THE RHODODENDRON AND CAMELLIA YEARBOOK 1969
168 pp., Illus., 1968. (The Royal Horticultural Society, Vincent Square, S.W. 1, London, England)
Once again we have rhododendrons combined with camellias in this well known publication. This sometimes bothers a few of our simon-pure rhododendron fans but actually over 140 pages of the 168 are devoted to rhododendrons.
"Rhododendrons at Glendoick" is discussed by Mr. E. H. M. Cox and Mr. P. A. Cox. This will be of particular interest to A.R.S. members as Mr. Cox has visited this country and spoken to various A.R.S. Chapters. It will also appeal to those interested in hardiness as Glendoick is in a relatively cool area northeast of Edinburgh and subject to occasional damaging frosts in spring and fall. Rhododendron planting began in a small way about 1920 and in 1955 a rhododendron nursery was started and has expanded over the years. A number of species usually considered quite tender are being grown at Glendoick with some success. For instance, there are two slow growing plants of R. sinogrande over thirty years old; others, such as R. crassum and R. delavayi aff. are somewhat unusual for a garden in this climate. Considerable attention is now being given to the hybridizing of dwarf lepidotes, the variety 'Chikor' having received more attention than others produced at Glendoick.
Mr. G. Gorer discusses "Rhododendrons of the Maddenii Series and Their Hybrids as Garden and Greenhouse Plants." The location of the garden is not given but it is stated that the minimum temperature experienced there has been 16° F. Those interested in hardiness in this particular group will find the experiences related are useful.
"Dwarf Rhododendrons at Windsor" by Mr. T. H. Findlay gives the opinions and experiences of this very knowledgeable plants-man. He states that dwarf rhododendrons can have a big future in "our land of small gardens." We feel that that is true in the U.S. where many of our most dedicated rhododendron fans are people with quite small gardens but we have thought of England as a country of large estates probably because of the wonderful rhododendron collections on a few of the larger ones. We have heard very little of rhododendrons in small gardens in England and so it is significant to hear the dwarfs being praised for their adaptation to the garden of limited area, albeit a natural and desirable thing.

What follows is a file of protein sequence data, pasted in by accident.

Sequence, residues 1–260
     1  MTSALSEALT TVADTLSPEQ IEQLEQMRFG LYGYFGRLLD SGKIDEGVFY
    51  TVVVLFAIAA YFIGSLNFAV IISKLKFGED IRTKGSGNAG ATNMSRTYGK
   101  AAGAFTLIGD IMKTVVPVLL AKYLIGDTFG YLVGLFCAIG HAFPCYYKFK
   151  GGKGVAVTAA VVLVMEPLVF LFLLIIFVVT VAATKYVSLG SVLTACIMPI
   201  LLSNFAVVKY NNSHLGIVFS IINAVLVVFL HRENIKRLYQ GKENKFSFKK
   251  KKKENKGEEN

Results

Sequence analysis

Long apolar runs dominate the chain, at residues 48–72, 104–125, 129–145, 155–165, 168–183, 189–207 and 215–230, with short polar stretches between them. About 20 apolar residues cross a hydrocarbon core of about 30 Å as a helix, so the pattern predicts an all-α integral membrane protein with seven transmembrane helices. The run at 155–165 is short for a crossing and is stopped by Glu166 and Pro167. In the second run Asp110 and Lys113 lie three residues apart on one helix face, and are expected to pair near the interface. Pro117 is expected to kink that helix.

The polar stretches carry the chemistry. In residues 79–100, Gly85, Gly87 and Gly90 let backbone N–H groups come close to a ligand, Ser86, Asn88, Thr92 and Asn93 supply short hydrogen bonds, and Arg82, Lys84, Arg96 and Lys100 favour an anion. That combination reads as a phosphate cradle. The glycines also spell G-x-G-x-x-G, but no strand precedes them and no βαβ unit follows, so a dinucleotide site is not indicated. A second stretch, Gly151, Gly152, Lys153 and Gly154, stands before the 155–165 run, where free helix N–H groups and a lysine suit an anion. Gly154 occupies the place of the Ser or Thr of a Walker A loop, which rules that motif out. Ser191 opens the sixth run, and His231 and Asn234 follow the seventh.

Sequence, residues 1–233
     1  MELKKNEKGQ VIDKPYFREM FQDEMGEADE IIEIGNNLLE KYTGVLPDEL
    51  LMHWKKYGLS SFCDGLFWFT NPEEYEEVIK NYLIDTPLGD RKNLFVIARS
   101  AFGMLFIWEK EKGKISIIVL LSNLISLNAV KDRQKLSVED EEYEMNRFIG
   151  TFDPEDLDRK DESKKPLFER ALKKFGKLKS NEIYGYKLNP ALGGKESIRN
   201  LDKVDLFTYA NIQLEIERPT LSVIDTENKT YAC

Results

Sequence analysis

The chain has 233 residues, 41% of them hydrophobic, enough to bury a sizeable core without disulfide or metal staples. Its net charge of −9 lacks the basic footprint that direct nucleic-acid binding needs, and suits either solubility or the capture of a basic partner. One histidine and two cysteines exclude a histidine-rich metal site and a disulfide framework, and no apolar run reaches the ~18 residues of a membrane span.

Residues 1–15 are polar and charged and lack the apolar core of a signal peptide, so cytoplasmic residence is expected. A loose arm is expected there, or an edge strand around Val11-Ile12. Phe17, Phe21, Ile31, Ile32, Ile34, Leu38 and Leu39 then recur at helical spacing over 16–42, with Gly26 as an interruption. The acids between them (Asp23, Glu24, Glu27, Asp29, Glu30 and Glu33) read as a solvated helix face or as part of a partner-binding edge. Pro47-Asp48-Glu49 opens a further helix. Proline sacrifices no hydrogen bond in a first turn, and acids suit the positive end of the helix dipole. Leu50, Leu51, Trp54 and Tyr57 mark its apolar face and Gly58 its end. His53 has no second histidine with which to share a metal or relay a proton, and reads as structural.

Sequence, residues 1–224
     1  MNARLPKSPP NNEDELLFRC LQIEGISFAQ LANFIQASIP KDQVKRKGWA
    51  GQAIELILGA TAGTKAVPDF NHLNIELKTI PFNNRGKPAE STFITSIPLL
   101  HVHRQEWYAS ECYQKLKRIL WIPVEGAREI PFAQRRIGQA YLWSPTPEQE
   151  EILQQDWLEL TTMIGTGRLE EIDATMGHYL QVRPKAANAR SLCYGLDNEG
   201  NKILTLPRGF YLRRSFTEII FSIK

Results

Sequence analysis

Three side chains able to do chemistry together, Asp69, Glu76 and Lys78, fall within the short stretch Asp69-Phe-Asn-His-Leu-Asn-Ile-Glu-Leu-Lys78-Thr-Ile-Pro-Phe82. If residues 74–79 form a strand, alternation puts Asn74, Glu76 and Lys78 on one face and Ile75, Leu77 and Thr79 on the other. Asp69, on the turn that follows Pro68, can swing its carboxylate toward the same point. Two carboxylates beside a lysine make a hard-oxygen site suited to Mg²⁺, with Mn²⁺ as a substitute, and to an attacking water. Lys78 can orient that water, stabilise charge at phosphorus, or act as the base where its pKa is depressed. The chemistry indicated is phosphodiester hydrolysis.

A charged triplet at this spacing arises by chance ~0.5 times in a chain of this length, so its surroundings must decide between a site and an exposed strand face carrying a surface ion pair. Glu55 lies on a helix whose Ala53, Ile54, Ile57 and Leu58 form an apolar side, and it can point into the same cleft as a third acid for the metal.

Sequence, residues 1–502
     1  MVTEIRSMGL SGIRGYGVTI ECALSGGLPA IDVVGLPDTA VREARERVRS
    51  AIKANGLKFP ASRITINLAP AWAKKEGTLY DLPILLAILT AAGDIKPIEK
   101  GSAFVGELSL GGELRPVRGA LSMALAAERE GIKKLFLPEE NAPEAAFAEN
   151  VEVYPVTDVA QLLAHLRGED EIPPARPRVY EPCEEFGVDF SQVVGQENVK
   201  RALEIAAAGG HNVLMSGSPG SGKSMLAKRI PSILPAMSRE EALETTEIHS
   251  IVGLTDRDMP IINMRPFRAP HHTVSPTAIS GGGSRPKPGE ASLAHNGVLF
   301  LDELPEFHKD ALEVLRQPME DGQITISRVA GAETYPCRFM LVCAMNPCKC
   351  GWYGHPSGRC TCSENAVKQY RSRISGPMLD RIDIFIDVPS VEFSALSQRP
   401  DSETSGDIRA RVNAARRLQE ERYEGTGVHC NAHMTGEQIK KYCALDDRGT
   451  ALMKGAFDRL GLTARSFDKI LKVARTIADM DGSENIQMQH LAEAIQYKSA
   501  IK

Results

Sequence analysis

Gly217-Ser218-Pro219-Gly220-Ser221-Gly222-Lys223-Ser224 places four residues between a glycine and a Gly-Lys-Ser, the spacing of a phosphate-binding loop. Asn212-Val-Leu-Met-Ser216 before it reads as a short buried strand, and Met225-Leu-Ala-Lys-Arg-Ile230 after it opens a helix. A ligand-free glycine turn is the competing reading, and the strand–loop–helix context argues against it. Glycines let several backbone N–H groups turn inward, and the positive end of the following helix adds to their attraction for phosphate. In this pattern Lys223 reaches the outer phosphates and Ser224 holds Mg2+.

A further discussion of "Dwarf Rhododendrons" is given by Mr. Collingwood Ingram. He organizes his contribution by the Series and it is a good way of calling attention to the fact that there are dwarfs occurring in a number of Series as well as in the one or two which are almost entirely dwarfs.
Following this section is another contribution from Mr. Collingwood Ingram entitled "Notes on the Campylogynum Series of Rhododendrons." The author rather objects to the placing of all the members of this Series in one species and proposes one additional species and two sub-species. He also feels that R. myrtilloides and R. cremastum should have full species standing.
"Rhododendrons at Heaselands" is the topic of an article by Elspeth Napier. This garden of some thirty acres is notable for some fine rhododendrons as well as other ornamental plants.
"Raising Rhododendrons From Seed (For the Business Man)" is discussed by J. E. Clarke. This is directed primarily at the average person who does not have garden help.
Mr. A. W. Headlam of Australia has three contributions, one dealing with the effect of the 1967/8 drought in Melbourne on rhododendrons and camellias. Another short item gives some experiences with the Malesian rhododendrons with respect to heat resistance. Certain species, at least, have seemed relatively resistant to heat damage. Mr. Headlam also writes about the "Rhododendrons at Ripley, Olinda, Australia." Ripley is the home of Mr. F. G. Coles. This is a fairly mild area with temperatures rarely registering more than a few degrees of frost. The point is made that a considerable amount of breeding work is now being done in Australia in an endeavor to produce earlier flowering rhododendrons to avoid damage by sun which frequently occurs. Frost damage is of no great importance.
As in previous Yearbooks, the rhododendron shows are described in some detail, in this case by Mr. Allen Hardy and Mr. Patrick M. Synge.
Descriptions of rhododendrons which have received awards in 1968 are given. It is of interest that 'Cilpinense' received an F.C.C., given to a clone raised by the late Lord Aberconway at Bodnant.
'Loderi King George' received an A.M. which will probably be surprising to many rhododendron fans in the U.S. This has long been considered one of the best of the Loderis in this country but in England awards had been made to a number of other clones of the Loderi group and not to 'Loderi King George' up to this time.
The usual additions to the International Rhododendron Register cover some fourteen pages and are indicative of the activity in the breeding and naming of new varieties, not only in England but in this country and in Holland, Australia, etc.
Many A.R.S. members regularly obtain the R.H.S. Yearbook and they will undoubtedly want to have this one which does contain much information of interest